SALT LAKE CITY — Tamsen Reid said she didn't even realize something wasn't right until she tried to clear up a drug possession charge she said wasn't hers.

That's when she found out she was not really wanted out of Arizona and realized that the officer who she claims pulled her over and made her take all of her clothes off — allegedly so he could verify her identity — had violated her rights.

Wednesday, Reid, who turned 18 two weeks ago, sat in front of reporters and TV cameras and described the night of Nov. 20, 2010, when she said she was strip-searched while sitting in the passenger seat of a car pulled off to the side of I-15 in Box Elder County.

Reid has filed a civil lawsuit against former Box Elder County sheriff's deputy Scott Womack, who allegedly conducted the illegal strip search. The suit also names Box Elder County Sheriff Lynn Yeates, the county and up to 15 John and Jane Does.

Sheriff's Chief Deputy Kevin Potter referred all calls to their attorney, Frank Mylar. He noted that Womack "left employment" from the sheriff's office in March and said the Weber County Sheriff's Office is currently conducting a criminal investigation into Reid's case.

Wednesday, Reid spoke publicly for the first time about the incident. The petite woman, who was 17 at the time, said she and four friends — two boys and two girls — were driving to Idaho about 11 p.m. during a snowstorm when they were pulled over for speeding.

Because at least one of them was smoking, Womack said he was either going to have to call their parents or do a quick check of their car to make sure there were no drugs, according to Reid.

The woman said she had no reason not to believe the officer.

"Cops are supposed to uphold the law. I figure they're always out to do the right thing," she said Wednesday.

Reid believed Womack was actually trying to help her and her friends avoid having to call their parents or be booked into jail, she said. "He was joking around. He was being a nice guy about everything."

After checking their IDs, the deputy allegedly told them that three of the occupants had warrants out for their arrests. He had the girls lift their shirts and bras up, allegedly to look for drugs, according to Reid and her lawsuit.

Womack then told Reid she was wanted in Arizona for heroin possession. Reid tried to tell the officer she had never done heroin and never been to Arizona. She believed her ID was stolen because Womack claimed he ran a check on a computer using her driver's license number.

In an effort to allegedly make positive identification, Womack told Reid to undress so he could look for tattoos and piercings, the lawsuit states. After she refused one of the deputy's alleged orders, she said the search was over and she was allowed to get dressed. She claims the incident lasted about five minutes while it was snowing and dark outside with few other cars on the road.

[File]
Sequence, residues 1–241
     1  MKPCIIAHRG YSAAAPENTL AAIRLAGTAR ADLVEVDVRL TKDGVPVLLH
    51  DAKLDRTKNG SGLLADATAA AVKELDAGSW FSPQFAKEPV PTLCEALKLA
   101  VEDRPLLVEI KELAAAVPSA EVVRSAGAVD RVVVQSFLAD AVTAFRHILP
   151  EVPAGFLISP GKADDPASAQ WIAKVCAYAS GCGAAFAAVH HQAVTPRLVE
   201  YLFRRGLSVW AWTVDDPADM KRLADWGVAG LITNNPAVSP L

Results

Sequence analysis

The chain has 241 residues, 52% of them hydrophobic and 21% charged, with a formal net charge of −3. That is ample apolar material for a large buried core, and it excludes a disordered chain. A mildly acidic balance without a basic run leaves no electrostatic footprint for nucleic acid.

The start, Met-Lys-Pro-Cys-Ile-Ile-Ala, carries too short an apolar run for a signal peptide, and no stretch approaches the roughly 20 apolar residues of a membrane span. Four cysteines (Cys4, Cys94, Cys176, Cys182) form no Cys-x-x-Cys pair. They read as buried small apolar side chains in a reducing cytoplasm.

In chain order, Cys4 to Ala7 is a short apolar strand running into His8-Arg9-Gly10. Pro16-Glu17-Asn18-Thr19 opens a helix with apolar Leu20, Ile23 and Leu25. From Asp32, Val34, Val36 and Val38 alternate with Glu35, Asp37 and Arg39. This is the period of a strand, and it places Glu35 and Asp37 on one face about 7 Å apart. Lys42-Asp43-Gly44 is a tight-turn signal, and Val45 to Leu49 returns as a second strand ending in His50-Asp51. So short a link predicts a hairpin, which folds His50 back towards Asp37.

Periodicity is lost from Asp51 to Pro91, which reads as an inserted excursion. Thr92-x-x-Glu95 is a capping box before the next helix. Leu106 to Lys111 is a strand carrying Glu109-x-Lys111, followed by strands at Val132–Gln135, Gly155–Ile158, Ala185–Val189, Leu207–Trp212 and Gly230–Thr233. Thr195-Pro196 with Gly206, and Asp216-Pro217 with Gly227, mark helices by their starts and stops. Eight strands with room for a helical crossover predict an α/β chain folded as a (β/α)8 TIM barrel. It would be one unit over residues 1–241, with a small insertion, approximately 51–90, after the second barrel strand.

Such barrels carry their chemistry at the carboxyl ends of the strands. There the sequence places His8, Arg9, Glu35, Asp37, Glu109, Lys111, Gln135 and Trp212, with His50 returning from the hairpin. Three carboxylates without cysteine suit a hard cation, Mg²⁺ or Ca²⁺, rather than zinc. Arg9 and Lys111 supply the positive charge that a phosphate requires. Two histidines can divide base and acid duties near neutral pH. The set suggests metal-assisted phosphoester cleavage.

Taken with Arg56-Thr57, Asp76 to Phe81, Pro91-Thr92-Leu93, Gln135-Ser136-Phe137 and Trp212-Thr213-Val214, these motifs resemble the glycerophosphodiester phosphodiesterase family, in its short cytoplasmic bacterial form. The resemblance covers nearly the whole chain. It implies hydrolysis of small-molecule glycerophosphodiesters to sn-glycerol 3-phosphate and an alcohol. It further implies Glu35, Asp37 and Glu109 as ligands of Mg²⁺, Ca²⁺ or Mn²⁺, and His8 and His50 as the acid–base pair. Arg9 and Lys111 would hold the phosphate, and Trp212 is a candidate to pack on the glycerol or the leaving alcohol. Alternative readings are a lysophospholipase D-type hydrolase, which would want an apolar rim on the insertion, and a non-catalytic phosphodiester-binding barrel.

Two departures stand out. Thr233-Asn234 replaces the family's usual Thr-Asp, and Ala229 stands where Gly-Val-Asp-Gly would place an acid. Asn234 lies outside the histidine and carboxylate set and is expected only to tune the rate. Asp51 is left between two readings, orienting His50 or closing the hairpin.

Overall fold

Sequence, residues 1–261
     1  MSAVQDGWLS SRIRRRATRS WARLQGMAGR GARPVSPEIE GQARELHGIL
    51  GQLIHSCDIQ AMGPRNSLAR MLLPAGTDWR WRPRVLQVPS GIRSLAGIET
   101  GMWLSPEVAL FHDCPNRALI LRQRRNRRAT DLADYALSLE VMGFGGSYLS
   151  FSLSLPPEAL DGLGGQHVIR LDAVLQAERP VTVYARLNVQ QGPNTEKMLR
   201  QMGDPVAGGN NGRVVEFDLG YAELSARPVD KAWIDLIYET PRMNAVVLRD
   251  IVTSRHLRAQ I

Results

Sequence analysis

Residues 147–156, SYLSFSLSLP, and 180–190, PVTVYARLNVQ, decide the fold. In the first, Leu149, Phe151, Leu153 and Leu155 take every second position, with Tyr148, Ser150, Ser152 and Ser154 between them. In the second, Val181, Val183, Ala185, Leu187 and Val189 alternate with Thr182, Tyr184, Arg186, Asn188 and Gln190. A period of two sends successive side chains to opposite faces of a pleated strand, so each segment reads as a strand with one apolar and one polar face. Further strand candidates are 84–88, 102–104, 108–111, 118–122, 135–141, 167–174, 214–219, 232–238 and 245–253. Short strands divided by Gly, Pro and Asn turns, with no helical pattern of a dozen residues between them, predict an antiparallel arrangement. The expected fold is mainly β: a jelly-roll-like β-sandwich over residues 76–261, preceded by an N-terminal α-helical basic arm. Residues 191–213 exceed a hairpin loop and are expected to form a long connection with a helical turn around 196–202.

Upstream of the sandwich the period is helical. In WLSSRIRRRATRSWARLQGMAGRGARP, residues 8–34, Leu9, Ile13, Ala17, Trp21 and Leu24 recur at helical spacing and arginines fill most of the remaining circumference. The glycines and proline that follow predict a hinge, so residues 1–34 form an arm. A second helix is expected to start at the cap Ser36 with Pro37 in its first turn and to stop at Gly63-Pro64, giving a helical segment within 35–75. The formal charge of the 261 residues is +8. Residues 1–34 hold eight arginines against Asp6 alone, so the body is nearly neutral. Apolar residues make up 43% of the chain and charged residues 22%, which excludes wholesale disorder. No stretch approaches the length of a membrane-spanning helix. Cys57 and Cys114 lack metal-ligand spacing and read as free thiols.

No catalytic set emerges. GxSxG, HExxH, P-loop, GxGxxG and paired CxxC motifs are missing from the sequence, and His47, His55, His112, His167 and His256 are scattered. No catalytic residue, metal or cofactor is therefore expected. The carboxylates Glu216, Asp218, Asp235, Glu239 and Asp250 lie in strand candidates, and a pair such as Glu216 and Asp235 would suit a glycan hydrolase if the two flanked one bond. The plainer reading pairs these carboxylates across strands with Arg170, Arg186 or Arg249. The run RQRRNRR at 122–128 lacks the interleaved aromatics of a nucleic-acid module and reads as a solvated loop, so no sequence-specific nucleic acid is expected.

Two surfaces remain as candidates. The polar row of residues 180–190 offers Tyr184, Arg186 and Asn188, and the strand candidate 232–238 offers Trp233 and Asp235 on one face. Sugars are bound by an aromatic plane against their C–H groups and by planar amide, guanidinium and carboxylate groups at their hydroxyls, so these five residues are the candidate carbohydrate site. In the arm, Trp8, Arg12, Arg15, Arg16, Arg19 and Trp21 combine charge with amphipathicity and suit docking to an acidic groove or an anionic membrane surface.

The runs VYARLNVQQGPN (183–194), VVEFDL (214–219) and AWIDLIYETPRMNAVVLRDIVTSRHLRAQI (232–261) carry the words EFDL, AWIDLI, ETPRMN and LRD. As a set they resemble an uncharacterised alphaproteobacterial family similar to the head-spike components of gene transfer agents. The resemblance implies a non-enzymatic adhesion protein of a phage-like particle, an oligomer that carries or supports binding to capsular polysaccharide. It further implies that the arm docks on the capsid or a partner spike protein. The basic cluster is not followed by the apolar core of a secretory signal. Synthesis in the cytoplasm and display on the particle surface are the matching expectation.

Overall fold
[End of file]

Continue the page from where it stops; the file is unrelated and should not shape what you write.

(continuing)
When the group of friends got back in the car after Womack had left, the only thought in their minds at the time was, "Cool, no one got tickets," Reid said.

A couple of weeks ago, however, Reid said she wanted to try and get the warrant off her record in case she got pulled over again. What she found out was that she had no arrest warrant. And when she contacted Box Elder County, she found out the warning she was issued by Womack was never filed.

Wednesday, Reid provided a copy of her citation to reporters.

"This is one of the more shocking cases I've had in my career," Robert Sykes, Reid's attorney, said Wednesday.

Sykes said there was "substantial" evidence against Womack, claiming that he was fired from the department for misconduct and was under investigation even before Reid's case surfaced.

A spokesman with the Utah Department of Public Safety said Wednesday that officials from Peace Officer Standards and Training are conducting an investigation on Womack, but as of Wednesday he still had police certification.

Womack is under investigation for at least two other incidents, one by Weber County authorities and one in Box Elder County, Sykes said. He did not know the nature of the alleged violations. Potter, however, said he was not aware of any additional investigations involving Womack.

Frank Mylar, the attorney representing the sheriff's office, believes Sykes has some of his facts about the case wrong. He said a citizen approached the sheriff's office several months ago with a complaint, alleging the same issues as presented in Reid's lawsuit.

"As soon as the complaint was made it was investigated," Mylar said. "Quick and decisive action was taken. The sheriff and the sheriff's office did not do anything inappropriate."

He said the policies and procedures in the Box Elder County Sheriff's Office are strong, "But that's not going to guarantee against someone totally disregarding it." He added, "I don't see any wrongdoing on behalf of the sheriff or the department."

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For at least a month prior to Reid being pulled over, Womack was leaving his dash-cam in his patrol car off, according to Sykes, who said the deputy was also issuing citations and not filing his copies in the office.

While not admitting that that actually happened, Mylar said turning a dash-cam off during a patrol stop would be a violation of policy.

He said the sheriff and and Box Elder County were named in the suit for failing to properly train, supervise and discipline Womack.

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